Beware the lose/lose property deals.
by Neil Jenman
In the property ‘game’, everyone has heard the story of how some lucky (“clever” as they are often called) investors manage to make a tidy fortune buying property off-the-plan. If you’ve ever seen or heard someone in the industry telling you that it’s possible to make 200% return on your money, this is how they [say they] do it. Indeed, anyone shouting about returns of 100% or more is almost certainly a dodgy spruiker and someone you should avoid at all costs. If not, you’re going to head into a situation where, no matter what happens, you’re all but guaranteed to lose. Yes, this really is, so often, a classic lose/lose deal. If the property you buy goes down in value, you lose (obviously) but if the property goes UP in value, you also lose. How on earth can that happen? Wait and I’ll show you.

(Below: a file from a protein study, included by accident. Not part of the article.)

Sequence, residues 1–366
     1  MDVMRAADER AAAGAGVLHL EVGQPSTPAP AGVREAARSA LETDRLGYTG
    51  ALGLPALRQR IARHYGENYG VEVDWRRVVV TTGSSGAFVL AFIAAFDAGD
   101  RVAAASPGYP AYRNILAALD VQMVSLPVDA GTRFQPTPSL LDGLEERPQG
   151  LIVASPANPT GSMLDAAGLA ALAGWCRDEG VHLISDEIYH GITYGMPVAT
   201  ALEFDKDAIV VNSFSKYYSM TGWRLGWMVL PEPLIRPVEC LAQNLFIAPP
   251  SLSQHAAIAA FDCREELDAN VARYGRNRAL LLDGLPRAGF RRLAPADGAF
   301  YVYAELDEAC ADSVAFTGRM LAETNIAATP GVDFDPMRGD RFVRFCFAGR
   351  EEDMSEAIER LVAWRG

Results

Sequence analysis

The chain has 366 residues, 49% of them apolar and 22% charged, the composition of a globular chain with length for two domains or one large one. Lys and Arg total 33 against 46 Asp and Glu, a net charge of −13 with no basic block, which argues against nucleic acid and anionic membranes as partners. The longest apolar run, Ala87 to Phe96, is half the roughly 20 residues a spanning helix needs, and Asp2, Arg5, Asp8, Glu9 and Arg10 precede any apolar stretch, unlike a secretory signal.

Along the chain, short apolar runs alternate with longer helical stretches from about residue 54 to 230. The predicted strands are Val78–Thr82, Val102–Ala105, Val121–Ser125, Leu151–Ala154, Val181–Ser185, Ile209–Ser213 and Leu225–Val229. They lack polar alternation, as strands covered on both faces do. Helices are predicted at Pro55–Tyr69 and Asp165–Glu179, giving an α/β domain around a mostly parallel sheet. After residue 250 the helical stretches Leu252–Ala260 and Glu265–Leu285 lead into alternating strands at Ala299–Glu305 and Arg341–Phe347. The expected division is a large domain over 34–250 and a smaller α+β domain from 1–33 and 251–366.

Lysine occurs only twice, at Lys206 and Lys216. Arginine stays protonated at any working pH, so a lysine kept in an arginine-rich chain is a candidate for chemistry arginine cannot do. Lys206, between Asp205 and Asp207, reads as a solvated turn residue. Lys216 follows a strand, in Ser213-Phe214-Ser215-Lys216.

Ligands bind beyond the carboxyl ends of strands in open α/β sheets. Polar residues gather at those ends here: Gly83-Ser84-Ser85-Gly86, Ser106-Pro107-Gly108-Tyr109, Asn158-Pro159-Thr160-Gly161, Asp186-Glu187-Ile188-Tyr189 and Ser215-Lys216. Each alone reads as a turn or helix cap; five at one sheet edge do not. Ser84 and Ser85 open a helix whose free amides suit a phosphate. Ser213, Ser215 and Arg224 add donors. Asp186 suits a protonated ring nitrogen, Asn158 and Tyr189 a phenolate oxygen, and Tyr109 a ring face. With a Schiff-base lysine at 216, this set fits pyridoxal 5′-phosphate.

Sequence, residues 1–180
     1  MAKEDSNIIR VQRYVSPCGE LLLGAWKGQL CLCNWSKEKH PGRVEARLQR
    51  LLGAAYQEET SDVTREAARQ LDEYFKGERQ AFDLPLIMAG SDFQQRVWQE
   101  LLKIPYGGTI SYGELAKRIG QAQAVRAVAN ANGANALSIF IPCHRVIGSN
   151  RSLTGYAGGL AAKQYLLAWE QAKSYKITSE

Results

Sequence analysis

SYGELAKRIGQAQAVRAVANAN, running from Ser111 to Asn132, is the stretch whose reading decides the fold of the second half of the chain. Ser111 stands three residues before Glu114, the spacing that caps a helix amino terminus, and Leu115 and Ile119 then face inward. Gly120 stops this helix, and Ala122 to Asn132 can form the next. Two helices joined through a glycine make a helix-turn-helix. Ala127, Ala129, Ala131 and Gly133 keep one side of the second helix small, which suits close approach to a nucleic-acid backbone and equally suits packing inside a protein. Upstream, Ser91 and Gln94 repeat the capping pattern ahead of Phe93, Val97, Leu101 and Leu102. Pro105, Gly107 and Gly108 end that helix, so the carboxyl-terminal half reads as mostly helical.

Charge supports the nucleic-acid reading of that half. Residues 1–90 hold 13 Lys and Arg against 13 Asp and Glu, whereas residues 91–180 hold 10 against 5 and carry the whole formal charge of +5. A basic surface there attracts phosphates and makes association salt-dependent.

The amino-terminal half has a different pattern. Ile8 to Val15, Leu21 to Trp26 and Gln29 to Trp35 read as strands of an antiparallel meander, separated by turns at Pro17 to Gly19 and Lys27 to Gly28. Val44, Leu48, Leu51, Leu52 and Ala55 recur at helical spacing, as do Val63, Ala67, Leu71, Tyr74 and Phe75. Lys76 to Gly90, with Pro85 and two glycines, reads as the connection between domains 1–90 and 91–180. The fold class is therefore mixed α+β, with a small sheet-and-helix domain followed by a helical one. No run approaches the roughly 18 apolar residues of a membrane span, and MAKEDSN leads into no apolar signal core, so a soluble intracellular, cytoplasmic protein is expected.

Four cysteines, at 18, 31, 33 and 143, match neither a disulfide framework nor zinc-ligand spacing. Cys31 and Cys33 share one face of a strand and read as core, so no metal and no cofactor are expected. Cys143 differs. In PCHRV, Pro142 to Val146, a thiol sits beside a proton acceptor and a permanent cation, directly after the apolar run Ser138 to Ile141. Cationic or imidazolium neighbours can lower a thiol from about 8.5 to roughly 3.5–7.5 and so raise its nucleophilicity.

But first, here’s what those slick salespeople will tell you. When you buy a property (usually an apartment) off-the-plan and you pay, say, $800,000 for it, you only have to pay $80,000 deposit today. You don’t have to pay the balance (the other 90%) until the entire apartment complex is completed, which can be a long way into the future – two years is not uncommon. This is what is meant by “buying off-the-plan” – a property development has not been built, so all you see are a set of plans which show you how the apartment should look when it’s completed. You look at the plans, listen to the sales spiel and then pick your property. Yes, you have just become an ‘off-the-plan’ buyer – most of whom bitterly regret what they do.